The Free Application for Federal Student Aid (FAFSA) is a part of the U.S. Department of Education used by college students to apply for much needed financial aid to assist them in furthering their education.  Some of the forms used in the application process require inserting information from past income tax returns.  To make the process more convenient, FAFSA provided for a data retrieval service directly to the IRS to obtain the necessary information, however scammers hacked into the data retrieval system of FAFSA applicants to get the tax information which they then used to commit income tax identity theft.

In response to these problems, FAFSA temporarily suspended its data retrieval system.    Now however, the Data Retrieval Tool has been returned to service in a manner that the tax return information will be encrypted and hidden from view of even the borrower as well as someone hacking into the borrower’s account.  When you use the tool, instead of numbers will appear the words “Transferred from the IRS” in the data entry fields in the FAFSA form.  You also should be aware that if you use the Data Retrieval Tool, you may get a snail mail letter from the IRS notifying you that your tax information has been transferred.


Quite often, as Shakespeare said, the fault is not in the stars, the fault is in ourselves. Too often we become victims of identity theft when the security of particular websites, companies or government agencies that have our personal data is compromised because we provide our passwords and user names to identity thieves by falling prey to spear phishing emails or downloading malware.   It is important to never click on a link in an email or download an attachment unless you have confirmed that it is legitimate.  Also, never provide personal information to anyone unless you have confirmed that the request is legitimate.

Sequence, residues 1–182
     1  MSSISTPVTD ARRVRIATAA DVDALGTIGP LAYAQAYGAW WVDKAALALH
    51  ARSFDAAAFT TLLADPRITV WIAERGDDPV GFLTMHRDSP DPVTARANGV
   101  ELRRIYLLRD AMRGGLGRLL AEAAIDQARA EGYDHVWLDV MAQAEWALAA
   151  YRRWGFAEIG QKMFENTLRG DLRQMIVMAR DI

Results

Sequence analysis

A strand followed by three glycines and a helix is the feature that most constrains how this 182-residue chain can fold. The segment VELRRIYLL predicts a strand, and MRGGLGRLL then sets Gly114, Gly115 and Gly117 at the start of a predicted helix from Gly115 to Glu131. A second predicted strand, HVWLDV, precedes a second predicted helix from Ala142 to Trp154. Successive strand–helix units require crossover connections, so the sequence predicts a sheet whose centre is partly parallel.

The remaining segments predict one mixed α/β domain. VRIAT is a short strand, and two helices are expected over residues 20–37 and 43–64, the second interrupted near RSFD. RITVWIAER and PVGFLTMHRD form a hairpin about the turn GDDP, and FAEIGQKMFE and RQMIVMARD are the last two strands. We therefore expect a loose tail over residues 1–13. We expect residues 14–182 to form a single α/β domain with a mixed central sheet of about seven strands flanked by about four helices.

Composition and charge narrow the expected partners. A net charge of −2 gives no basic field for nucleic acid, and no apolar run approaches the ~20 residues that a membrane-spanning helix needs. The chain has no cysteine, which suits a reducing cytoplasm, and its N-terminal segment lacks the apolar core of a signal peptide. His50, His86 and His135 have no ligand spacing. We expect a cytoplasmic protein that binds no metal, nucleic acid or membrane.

As for students seeking to use the Data Retrieval Tool of the IRS for filing a FAFSA form, the tool is much more secure now.  Online filing of the FAFSA form for the 2018-2019 filing season is now open and available.  You can access the form online at

Scam of the day – October 11, 2017 – Phony car crash scammer sentenced

Staged automobile accidents done to defraud insurance companies are a major problem.   Recently, Mackenzy Noze was sentenced to four years in prison for his role as the ringleader in an automobile insurance fraud scam operated between 2011 and 2014.  The manner in which the accidents were staged  was that Noze would drive someone’s care into a tree or pole on remote roads in Connecticut.  He would then leave the vehicle and the car’s owner would then get in the car, call for help and tell their insurance company that they were driving when they lost control of their car due to bad weather or swerved to avoid hitting an animal. In Noze’s scam, the car owners themselves were complicit, but scammers also stage automobile accidents in many  other ways taking advantage of innocent victims, such as when they slam on their brakes while driving in front of you without giving you an opportunity to stop, causing you to hit them from behind.  Generally, the scammers will have phony witnesses to bolster their case.  Sometimes they are willing to settle with you for cash rather than involve your insurance company, but other times they are looking to defraud your insurance company.


If you are involved in an automobile accident, call the police.  When you exchange license and registration information, be careful not to provide more information than necessary  in order to protect yourself from identity theft.  Report all accidents to your insurance company and make sure that you get the license and registration of the other driver.  Make sure you see the actual license and registration rather than just take the information provided by the other driver.